In networks created in VOSviewer, each term forms a node and the connection between terms creates vertices. A node represents an element that can be the name of an author in the co-authorship network or the name of an organization, country or magazine; or maybe subject keywords in the co-word network. To analyze such networks, the concepts employed in social network analysis (SNA), namely the application of graph theory, can be an effective approach despite being rarely addressed until now. The purpose of SNA is to study human relations based on graph theory, while in this research, the objective is to perform this analysis for the relationships between the topics discussed in scientometrics (specifically, the co- word network). So far, SNA has been applied in many disciplines including business and management, computer science, humanities, information science, social sciences, medicine and health [47]. Some of the well-known tools for SNA are NodeXL, VOSviewer, and HistCite. NodeXL allows the user to obtain comprehensive and useful analyses of the network and advantageous indexes from the network without getting involved in the complexities of graph theory. This software was first introduced in 2009 by [48] specifically for SNA, but can generally be used for any other network. In addition, one can calculate different indexes such as network density, network diameter, degree centrality, betweenness centrality, closeness centrality and eigenvector centrality. Among the few uses of NodeXL in scientometrics, one can mention the study by [49] in informatics where the values of betweenness and closeness centrality were calculated for the co-occurrence network.


Generally, each scientometric research is conducted according to a specific methodology. As such, scientometric tools and indexes are used in tandem to achieve the evolutionary trend, knowledge domains, institutions, countries and major journals. In this regard, Si et al. [50] presented a framework in a scientometric analysis that included published journals, countries, regions, institutions, documents co-citation, keyword co- occurrence and cluster analysis for their area of research (bicycle sharing). Furthermore, a comprehensive knowledge map was presented that included knowledge domains, major journals, evolutionary trends, main institutions and countries, and critical papers based on the results of analyses. Using a methodology benefiting from VOSviewer and CiteSpace as analysis tools, Martinez et al.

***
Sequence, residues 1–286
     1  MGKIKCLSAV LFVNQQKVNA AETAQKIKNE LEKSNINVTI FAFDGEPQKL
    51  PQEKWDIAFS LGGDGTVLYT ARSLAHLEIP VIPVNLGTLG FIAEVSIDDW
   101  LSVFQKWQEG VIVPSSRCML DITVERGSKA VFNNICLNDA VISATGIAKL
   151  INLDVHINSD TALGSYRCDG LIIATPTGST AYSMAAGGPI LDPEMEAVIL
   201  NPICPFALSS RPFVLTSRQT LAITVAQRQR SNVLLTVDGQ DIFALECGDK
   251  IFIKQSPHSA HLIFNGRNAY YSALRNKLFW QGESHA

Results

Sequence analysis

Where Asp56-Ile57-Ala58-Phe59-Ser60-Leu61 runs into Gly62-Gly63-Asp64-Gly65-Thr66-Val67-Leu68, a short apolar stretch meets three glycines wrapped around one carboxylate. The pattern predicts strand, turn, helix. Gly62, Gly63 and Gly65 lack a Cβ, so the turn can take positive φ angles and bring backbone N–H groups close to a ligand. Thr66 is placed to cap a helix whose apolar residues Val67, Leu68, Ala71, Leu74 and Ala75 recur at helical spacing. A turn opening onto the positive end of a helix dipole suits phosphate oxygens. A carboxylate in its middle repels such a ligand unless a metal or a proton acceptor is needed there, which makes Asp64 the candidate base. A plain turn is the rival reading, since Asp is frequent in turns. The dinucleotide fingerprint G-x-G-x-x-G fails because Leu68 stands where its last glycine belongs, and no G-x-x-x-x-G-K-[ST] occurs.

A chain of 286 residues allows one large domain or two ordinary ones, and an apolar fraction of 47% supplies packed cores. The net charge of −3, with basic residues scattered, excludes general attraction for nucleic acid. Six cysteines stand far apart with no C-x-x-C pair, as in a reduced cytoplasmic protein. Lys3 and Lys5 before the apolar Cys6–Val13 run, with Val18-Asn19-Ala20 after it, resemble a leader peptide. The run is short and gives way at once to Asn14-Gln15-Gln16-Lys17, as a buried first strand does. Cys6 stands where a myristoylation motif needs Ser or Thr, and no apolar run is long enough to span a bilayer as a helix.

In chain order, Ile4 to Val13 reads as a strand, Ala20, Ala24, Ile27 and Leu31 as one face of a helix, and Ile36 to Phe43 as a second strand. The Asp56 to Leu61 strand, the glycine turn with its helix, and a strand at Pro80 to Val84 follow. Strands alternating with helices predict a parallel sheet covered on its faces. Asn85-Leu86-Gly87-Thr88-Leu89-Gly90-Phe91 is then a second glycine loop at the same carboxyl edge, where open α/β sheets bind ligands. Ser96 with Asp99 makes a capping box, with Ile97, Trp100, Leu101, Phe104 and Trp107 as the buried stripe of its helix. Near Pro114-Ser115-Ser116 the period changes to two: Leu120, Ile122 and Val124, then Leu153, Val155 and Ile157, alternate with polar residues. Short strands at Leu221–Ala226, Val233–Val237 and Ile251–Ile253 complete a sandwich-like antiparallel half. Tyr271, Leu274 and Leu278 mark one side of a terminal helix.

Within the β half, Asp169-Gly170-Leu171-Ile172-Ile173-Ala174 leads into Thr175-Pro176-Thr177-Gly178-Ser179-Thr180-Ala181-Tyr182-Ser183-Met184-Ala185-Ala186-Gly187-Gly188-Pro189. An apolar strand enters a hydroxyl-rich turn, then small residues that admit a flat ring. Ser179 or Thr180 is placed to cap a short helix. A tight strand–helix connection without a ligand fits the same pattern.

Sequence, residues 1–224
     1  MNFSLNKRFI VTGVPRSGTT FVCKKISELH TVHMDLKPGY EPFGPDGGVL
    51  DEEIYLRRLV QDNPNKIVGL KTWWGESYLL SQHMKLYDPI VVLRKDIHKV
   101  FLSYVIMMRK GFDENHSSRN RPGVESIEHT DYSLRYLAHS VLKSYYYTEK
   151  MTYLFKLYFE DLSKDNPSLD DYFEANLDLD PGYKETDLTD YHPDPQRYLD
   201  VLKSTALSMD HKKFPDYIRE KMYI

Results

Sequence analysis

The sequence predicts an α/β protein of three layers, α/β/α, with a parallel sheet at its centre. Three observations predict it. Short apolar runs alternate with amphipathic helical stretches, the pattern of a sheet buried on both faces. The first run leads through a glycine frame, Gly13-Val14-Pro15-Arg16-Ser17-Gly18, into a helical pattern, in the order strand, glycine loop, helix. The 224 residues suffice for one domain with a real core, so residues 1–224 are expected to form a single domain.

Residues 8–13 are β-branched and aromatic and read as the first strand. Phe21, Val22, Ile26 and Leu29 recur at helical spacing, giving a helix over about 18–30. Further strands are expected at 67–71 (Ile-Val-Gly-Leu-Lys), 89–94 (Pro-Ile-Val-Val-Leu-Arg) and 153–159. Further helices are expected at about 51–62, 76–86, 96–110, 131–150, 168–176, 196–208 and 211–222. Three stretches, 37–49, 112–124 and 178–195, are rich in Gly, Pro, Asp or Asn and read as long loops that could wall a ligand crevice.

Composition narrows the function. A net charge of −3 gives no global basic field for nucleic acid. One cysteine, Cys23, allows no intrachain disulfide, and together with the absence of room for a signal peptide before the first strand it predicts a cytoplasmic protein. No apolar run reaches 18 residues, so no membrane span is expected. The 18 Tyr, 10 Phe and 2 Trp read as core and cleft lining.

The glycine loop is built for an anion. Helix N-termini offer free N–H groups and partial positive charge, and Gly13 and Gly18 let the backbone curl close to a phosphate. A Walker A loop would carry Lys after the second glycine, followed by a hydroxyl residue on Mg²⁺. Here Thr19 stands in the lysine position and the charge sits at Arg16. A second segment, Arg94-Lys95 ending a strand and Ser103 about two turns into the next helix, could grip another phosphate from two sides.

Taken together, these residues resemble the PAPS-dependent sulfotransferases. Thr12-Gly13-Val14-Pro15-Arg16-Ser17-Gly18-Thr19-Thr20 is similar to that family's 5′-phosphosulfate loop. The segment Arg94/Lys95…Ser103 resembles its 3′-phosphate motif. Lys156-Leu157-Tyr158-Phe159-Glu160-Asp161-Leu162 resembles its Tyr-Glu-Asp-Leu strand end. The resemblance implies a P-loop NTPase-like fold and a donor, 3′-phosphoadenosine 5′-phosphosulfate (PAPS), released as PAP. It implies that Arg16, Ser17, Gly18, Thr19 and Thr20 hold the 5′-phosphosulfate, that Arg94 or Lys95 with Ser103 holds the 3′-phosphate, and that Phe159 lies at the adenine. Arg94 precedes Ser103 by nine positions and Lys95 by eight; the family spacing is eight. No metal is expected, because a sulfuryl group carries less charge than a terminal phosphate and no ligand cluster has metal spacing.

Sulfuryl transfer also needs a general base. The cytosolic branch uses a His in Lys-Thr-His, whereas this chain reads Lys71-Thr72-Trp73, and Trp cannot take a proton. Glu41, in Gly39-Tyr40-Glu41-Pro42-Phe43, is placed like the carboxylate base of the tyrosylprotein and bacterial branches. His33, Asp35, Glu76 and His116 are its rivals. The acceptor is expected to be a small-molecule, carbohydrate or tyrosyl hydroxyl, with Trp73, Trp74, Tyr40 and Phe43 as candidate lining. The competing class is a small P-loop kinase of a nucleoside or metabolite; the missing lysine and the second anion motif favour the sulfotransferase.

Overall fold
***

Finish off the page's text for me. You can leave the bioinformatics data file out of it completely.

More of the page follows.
[40] reviewed 1158 articles and provided an outlook of future research in computer vision while presenting a co-word network, a co-authorship network, a network of countries, an author co-citation network and a journal co-citation network.

Fig. 1 shows the methodology used in this research. As observed, the employed procedure is summarized as follows: first, based on the initial analyses performed on the data in HistCite, six major time periods (where the number of citations and the number of records is maximum) in the field of gas turbine maintenance are identified. Next, the data of each period are exported to VOSviewer for analysis where the co-occurrence networks of words are derived. Then, to perform SNA and obtain the centralities, the data are exported to NodeXL via Pajek file format. NodeXL calculates the network centrality scores and overall index based on which the graphs are reproduced. On the other hand, to verify the results, data analysis is performed in HistCite and finally, the common top hot keywords are identified to determine the evolutionary trend.

In this study, the research data are collected from the Web of Science. This database contains valuable contributions from different researchers and is commonly used in scientometric research, either alone or in combination with other databases. The search terms used to extract data from the Web of Science are presented in Tab. 1. Given these search terms, the research into the field of gas turbine design aimed at extending the turbine lifetime or its associated parts, as well as some areas of gas turbine control relevant to the maintenance field, are completely covered.